hair and all. But harmless. However, the notion that Jews born in Europe
and having European ancestors for 300 or 500 or whatever years, and
"native" ancestors, too, could consult their "Book" and conclude that Arabs
and Palestinians with actual title and possession to land in Haifa,
Jerusalem, etc.  could and should be kicked off and told to go live in
refugee tents in the desert...well, the State of Israel must be destroyed,
and I am proud that unbreakable crypto is helping the "terrorists"
accomplish this. Under Klinton's laws, this makes my support of Cypherpunks
actions a "terrorist act." Read the law.)

>10.  And my personal favorite--a national database, now being
>constructed, that will contain every exchange and observation
>that takes place in your doctor's office.  This includes records
>of your prescriptions, your hemorrhoids and your mental illness.
>It also includes--by law--any statements you  make ("Doc, I'm
>worried my kid may be on drugs," "Doc, I've been so stressed out
>lately I feel about ready to go postal.") and any observations
>your doctor makes about your mental or physical condition,
>whether accurate or not, whether made with your knowledge or not.
>For the time being, there will be zero (count  em, zero) privacy
>safeguards on this data.  But don't worry, your government will
>protect you with some undefined "privacy standards" in a few

Like the guy who had his guns taken away because his psychiatrist decided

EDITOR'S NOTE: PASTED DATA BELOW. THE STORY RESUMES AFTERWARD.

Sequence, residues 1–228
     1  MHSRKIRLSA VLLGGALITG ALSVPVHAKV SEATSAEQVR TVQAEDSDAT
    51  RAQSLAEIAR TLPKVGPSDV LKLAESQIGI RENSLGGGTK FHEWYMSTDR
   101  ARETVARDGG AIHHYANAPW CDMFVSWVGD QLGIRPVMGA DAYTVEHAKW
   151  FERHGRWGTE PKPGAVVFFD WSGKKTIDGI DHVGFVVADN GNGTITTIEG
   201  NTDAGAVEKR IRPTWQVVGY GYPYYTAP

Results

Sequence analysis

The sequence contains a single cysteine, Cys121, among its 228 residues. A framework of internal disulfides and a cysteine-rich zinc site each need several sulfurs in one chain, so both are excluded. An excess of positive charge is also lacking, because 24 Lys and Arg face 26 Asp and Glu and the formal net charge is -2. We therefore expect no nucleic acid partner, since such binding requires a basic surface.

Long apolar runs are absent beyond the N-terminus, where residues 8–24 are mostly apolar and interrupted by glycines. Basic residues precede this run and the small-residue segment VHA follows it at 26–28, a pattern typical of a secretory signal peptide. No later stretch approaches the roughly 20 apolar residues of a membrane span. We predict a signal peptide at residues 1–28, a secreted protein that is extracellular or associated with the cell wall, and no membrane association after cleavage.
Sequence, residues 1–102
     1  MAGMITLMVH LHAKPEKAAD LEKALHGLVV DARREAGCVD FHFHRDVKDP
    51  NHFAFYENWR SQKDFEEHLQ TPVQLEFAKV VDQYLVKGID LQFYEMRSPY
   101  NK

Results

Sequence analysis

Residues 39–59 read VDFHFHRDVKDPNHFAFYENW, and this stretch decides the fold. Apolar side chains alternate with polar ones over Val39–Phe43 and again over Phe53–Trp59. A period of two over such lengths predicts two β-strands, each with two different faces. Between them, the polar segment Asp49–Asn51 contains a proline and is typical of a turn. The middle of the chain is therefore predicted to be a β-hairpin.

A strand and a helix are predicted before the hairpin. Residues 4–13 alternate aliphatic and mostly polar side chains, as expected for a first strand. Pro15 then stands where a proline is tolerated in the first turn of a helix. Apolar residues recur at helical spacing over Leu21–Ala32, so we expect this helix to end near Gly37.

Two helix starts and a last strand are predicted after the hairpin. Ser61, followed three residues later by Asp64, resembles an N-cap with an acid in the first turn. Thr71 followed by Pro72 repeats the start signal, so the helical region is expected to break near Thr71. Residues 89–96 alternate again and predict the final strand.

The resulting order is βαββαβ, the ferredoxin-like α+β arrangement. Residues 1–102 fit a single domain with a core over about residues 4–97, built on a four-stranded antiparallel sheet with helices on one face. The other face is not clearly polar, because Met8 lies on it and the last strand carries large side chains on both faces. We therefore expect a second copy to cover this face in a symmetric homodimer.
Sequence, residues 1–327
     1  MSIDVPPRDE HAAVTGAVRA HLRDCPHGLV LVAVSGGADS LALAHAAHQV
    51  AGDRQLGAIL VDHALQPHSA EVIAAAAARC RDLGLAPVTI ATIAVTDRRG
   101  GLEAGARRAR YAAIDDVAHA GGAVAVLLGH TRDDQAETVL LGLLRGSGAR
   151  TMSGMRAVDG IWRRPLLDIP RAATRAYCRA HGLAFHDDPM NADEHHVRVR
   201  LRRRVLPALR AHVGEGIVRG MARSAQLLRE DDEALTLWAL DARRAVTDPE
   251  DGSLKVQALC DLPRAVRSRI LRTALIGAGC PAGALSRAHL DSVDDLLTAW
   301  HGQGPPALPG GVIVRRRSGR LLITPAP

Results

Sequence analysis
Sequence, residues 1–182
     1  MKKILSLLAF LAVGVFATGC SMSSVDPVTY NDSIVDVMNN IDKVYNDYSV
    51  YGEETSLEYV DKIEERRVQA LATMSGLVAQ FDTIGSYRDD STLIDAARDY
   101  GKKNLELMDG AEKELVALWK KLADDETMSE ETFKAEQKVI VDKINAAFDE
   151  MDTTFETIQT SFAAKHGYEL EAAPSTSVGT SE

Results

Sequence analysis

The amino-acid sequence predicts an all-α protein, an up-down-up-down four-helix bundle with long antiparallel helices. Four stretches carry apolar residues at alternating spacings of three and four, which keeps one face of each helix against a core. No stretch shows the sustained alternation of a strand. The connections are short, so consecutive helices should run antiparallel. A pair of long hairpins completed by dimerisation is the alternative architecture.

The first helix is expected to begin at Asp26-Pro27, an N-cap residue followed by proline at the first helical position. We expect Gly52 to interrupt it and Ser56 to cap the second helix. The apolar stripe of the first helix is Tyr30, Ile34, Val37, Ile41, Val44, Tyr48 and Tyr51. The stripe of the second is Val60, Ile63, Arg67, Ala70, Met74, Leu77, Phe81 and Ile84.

he was a "threat" of some sort....and he was only seeing the shrink because
the courts ordered it as part of a "mediation process" in a divorce case.

Shades of the U.S.S.R. and its psychiatric hospitals. "Anyone who believes
the government is out to get him is obviously delusional...he cannot be
allowed to own weapons of any sort."

A nice racket, eh? No doubt Jefferson and the other Founders would be
interested to learn that the State had figured out a way to disarm anyone
who might ever be a threat to their actions. So much for Jefferson's
revolution every 20 years.

>All of the above items are the law of the land.  Federal law.
>What else do they have in common?
>Well, when I ask this question to audiences, I usually get the
>answer, "They're all unconstitutional."

Yep. So what else is nu?

(Nu...E over h...the defining equation of the fireball which will take out
these statists in Washington, Tel Aviv, and the other fascist imperial

--Tim May

There's something wrong when I'm a felon under an increasing number of laws.
Only one response to the key grabbers is warranted: "Death to Tyrants!"
Timothy C. May              | Crypto Anarchy: encryption, digital money,
tcmay at  408-728-0152 | anonymous networks, digital pseudonyms, zero
W.A.S.T.E.: Corralitos, CA  | knowledge, reputations, information markets,
Higher Power: 2^1398269     | black markets, collapse of governments.
"National borders aren't even speed bumps on the information superhighway."